A new study by a team from the University of Michigan Institute for Healthcare Policy and Innovation shows that adults over age 50 place more importance on convenience-related factors, rather than reputation, when choosing a doctor.
The study, based on data from IHPI’s National Poll on Healthy Aging supported by AARP and Michigan Medicine, still shows that online ratings and reviews of physicians play an important role, and should receive attention from providers and policymakers.
Dr. Jeffrey Kullgren, a U-M primary care physician and lead author of the study, describes the findings.
Imagine having the option to get a 3D-printed organ. Well, a team of biomedical engineers from Carnegie Mellon University has just developed the first flexible, full-size, 3D-print of a human heart, bringing us one step closer to that reality.
Additive manufacturing printers are popular, but are typically known to build hard objects using materials like plastic or metal. But rigid plastic organs aren’t very practical. These printers could be used with softer materials, like biological hydrogels — you know, to make a heart — but those tend to collapse mid-print. But this new method can change the game.
The 3D-printing technique is called Freeform Reversible Embedding of Suspended Hydrogels or FRESH. It can print biological structures with soft squishy materials like alginate, a biomaterial made from seaweed, which feels like human tissue. AND it cleverly solves that collapsing problem during print by suspending flexible materials inside a container of gelatin.
For this team of researchers it all starts with a MRI scan from a real heart. The scan gets “chopped-up” digitally into horizontal slices by a program which then translates them into code that a printer will understand. A needle-like nozzle moves through the gelatin support bath, extruding thin layers of alginate. The layers stack on top of each other to build the shape. When the print is complete, it’s put in an incubator overnight, where the temperature is raised to 37°C to gently melt away the gelatin support structure, leaving only the 3D-printed heart.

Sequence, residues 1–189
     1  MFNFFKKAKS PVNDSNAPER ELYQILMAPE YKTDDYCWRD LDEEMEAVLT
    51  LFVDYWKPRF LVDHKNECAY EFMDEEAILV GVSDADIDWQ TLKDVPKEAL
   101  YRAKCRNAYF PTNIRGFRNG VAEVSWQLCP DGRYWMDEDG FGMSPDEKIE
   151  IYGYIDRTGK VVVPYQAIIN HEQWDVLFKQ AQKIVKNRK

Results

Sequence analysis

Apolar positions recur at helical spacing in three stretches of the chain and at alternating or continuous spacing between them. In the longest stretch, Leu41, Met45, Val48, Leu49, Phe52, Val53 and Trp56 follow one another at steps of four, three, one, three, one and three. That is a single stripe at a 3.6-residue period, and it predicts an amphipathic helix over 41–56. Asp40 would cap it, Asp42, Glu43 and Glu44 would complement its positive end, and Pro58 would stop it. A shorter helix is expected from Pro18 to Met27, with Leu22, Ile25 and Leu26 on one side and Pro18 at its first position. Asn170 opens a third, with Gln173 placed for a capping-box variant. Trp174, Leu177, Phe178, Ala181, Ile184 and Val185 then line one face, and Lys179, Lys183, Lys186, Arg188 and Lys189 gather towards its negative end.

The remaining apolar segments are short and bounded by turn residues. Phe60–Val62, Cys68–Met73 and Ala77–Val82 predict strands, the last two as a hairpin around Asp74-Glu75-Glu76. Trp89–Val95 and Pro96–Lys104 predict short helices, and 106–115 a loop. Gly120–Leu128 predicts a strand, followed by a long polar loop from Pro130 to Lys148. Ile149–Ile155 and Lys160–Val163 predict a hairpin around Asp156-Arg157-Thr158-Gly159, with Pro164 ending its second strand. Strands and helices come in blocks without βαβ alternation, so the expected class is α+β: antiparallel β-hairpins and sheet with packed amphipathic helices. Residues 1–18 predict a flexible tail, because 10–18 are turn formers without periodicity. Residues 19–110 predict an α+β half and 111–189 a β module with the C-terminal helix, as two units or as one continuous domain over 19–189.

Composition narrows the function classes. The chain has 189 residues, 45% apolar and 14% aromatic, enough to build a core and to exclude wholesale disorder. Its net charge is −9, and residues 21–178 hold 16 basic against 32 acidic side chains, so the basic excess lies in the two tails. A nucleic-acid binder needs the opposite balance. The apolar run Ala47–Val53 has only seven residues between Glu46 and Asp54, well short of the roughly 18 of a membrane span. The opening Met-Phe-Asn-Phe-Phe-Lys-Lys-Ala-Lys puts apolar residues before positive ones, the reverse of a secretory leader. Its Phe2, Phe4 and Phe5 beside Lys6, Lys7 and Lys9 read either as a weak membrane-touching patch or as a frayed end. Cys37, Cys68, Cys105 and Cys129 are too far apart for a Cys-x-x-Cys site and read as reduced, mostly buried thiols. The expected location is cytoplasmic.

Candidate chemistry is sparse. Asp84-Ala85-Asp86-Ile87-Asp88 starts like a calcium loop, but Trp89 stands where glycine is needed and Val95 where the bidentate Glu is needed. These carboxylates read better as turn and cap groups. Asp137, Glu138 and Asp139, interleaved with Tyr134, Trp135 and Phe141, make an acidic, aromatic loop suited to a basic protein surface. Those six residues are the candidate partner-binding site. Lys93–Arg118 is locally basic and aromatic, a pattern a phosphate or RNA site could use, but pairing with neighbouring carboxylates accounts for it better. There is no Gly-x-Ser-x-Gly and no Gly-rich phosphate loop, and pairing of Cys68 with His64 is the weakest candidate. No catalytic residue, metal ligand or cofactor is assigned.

NYU Langone’s Kimmel Pavilion is home to the region’s newest and most technologically sophisticated neurosurgery suite. Designed to optimize patient care, our facilities are just one reason U.S. News & World Report’s “Best Hospitals” ranks NYU Langone among the top 10 hospitals in the country for neurology and neurosurgery.
The Johns Hopkins Musculoskeletal Center aims to streamline and improve access for diagnosis and treatment of conditions affecting muscles, bones and connective tissues. Each of the center’s locations feature a diverse group of physicians, therapists, and advanced practitioners who work together to bring you the right treatment at the right time.
UC Davis Health scientists Simon Cherry and Ramsey Badawi spent 15 years developing the world’s first total-body PET scanner, called EXPLORER. This imaging machine scans a patient’s entire body at one time, delivering breathtaking image quality that improves patient diagnoses and disease research.